The following interview is an excellent story of Syria told by an old Syrian activist, Yassin Al-Haj Saleh. He is now in his late fifties and tells (philosophically) of both his personal and countries plight under the al-Assad regimes’. Murtaza Hussain & Marwan Hisham ask some intriguing questions and in return get some insightful answers.
However, as much as Yassin Al-Haj Saleh portrays a deserved heroic life under incredibly harsh conditions, I do not believe he fully appreciates or understands the U.S. (West) position and more importantly the global implications of a regional, religious, and cultural problem.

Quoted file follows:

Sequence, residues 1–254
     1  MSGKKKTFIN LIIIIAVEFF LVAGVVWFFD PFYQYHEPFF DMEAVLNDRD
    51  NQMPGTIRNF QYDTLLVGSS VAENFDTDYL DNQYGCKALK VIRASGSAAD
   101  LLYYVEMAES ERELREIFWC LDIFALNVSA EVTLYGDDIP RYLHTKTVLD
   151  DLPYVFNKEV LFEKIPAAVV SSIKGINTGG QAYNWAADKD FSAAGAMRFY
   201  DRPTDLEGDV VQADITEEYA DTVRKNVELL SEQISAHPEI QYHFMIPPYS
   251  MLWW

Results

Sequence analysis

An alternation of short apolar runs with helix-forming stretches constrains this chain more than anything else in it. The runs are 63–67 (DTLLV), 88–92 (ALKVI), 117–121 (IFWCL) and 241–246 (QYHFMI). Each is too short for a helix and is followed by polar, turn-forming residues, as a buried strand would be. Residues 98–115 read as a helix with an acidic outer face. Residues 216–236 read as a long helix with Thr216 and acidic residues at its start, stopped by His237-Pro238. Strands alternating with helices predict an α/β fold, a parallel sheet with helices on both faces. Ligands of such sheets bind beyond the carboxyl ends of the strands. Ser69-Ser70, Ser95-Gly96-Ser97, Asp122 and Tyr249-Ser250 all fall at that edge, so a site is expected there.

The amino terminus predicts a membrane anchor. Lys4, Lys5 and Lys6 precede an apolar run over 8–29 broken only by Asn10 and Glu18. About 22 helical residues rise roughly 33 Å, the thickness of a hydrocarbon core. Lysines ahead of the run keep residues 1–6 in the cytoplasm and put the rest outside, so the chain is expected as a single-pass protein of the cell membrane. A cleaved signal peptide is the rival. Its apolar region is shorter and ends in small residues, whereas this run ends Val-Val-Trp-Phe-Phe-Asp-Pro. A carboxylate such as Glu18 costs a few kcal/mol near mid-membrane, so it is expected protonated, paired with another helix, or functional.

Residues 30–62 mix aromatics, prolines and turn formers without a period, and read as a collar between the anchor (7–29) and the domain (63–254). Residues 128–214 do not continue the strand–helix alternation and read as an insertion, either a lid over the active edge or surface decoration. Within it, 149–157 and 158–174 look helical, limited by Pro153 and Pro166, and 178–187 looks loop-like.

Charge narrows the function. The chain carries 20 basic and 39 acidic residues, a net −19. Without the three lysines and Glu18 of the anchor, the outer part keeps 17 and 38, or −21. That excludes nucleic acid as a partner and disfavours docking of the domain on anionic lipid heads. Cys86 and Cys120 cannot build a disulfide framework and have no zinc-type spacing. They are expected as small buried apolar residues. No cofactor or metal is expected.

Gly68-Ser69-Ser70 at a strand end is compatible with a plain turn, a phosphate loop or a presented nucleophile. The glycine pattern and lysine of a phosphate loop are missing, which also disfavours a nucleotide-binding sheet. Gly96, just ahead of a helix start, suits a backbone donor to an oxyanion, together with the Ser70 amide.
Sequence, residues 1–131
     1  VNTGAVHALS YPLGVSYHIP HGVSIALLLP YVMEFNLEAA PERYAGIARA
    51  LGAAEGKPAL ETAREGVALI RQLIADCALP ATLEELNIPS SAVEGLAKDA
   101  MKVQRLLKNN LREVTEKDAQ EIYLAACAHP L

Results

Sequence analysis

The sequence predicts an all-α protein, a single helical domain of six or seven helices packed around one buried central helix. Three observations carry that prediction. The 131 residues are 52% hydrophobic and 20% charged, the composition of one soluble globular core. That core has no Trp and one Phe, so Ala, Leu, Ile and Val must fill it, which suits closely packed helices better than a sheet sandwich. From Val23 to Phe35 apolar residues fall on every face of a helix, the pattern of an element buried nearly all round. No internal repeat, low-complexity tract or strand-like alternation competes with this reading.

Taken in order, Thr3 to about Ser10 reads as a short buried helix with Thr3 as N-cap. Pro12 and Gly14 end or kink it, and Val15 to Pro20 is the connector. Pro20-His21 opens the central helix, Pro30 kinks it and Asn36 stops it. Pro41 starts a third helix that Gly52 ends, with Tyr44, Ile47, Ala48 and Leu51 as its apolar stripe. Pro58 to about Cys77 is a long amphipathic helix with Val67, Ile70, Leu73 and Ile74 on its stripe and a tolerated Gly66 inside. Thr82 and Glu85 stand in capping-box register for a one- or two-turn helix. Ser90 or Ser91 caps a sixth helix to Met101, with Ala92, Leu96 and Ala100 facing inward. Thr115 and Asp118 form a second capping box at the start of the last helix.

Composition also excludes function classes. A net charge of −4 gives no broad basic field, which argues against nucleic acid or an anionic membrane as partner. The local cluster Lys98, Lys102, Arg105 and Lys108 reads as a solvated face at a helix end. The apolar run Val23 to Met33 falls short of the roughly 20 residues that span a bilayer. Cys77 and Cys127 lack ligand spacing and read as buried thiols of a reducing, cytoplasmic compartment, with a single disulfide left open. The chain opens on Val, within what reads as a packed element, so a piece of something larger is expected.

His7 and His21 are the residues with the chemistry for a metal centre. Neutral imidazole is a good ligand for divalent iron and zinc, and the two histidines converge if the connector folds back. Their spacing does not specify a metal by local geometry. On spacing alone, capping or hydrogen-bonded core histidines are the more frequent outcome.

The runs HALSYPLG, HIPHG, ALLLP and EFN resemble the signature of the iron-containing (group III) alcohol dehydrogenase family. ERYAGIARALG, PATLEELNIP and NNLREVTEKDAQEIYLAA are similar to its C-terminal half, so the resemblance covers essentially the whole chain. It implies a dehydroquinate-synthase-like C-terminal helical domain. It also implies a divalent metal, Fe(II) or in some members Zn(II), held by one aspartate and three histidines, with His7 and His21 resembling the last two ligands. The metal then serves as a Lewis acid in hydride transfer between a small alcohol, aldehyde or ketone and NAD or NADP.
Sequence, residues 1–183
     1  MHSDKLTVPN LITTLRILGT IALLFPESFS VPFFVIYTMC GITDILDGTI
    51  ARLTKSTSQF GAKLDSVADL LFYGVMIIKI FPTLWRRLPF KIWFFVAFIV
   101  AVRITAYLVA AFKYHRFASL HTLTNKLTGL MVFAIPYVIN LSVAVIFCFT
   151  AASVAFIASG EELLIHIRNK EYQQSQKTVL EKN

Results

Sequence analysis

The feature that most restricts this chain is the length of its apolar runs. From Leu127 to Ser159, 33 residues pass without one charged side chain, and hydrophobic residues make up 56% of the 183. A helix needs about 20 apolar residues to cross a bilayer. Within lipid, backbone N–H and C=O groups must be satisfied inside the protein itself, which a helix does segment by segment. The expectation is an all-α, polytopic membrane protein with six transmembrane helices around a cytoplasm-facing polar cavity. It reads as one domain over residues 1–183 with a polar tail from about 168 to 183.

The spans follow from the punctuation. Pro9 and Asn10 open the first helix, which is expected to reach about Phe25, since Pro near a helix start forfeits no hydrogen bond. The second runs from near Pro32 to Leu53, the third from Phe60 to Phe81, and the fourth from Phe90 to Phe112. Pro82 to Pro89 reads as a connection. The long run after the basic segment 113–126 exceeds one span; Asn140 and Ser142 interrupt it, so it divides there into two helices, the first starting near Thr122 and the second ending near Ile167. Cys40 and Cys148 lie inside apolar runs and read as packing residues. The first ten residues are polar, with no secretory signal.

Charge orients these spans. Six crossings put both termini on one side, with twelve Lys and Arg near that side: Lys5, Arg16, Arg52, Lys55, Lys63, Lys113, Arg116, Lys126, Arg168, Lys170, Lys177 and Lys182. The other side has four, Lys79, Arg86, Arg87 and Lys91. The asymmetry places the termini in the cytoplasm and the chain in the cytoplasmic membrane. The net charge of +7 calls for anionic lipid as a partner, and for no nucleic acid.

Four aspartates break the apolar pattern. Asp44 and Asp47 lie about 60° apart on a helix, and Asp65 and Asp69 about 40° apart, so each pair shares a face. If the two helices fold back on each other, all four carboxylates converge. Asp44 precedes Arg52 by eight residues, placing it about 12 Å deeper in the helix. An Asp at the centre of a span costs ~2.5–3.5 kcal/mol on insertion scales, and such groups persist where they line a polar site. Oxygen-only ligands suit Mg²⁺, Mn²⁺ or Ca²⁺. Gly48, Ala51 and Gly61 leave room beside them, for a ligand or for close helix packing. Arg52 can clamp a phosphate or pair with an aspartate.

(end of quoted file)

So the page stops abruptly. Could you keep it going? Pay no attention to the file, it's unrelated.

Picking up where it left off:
I will provide my personal assessment of his observations and experience by commenting (highlighted) at the end of individual paragraphs and let you decide their validity.
by Murtaza Hussain & Marwan Hisham
After this week’s chemical attacks in Syria, I decided to blog on our current U.S. position as it might compare to President Obama’s “red line” decision in 2012. During my research, I came across Derek Chollet’s 2016 article, “Obama’s Red Line, Revisited.” At that time, Mr. Chollet was the Assistant Secretary of Defense for International Security Affairs under President Obama. His article resonates today and possesses merit on President Obama’s handling of Syria’s chemical attacks in 2013.
But for reasons that are markedly different than what the Assistant Secretary surmised.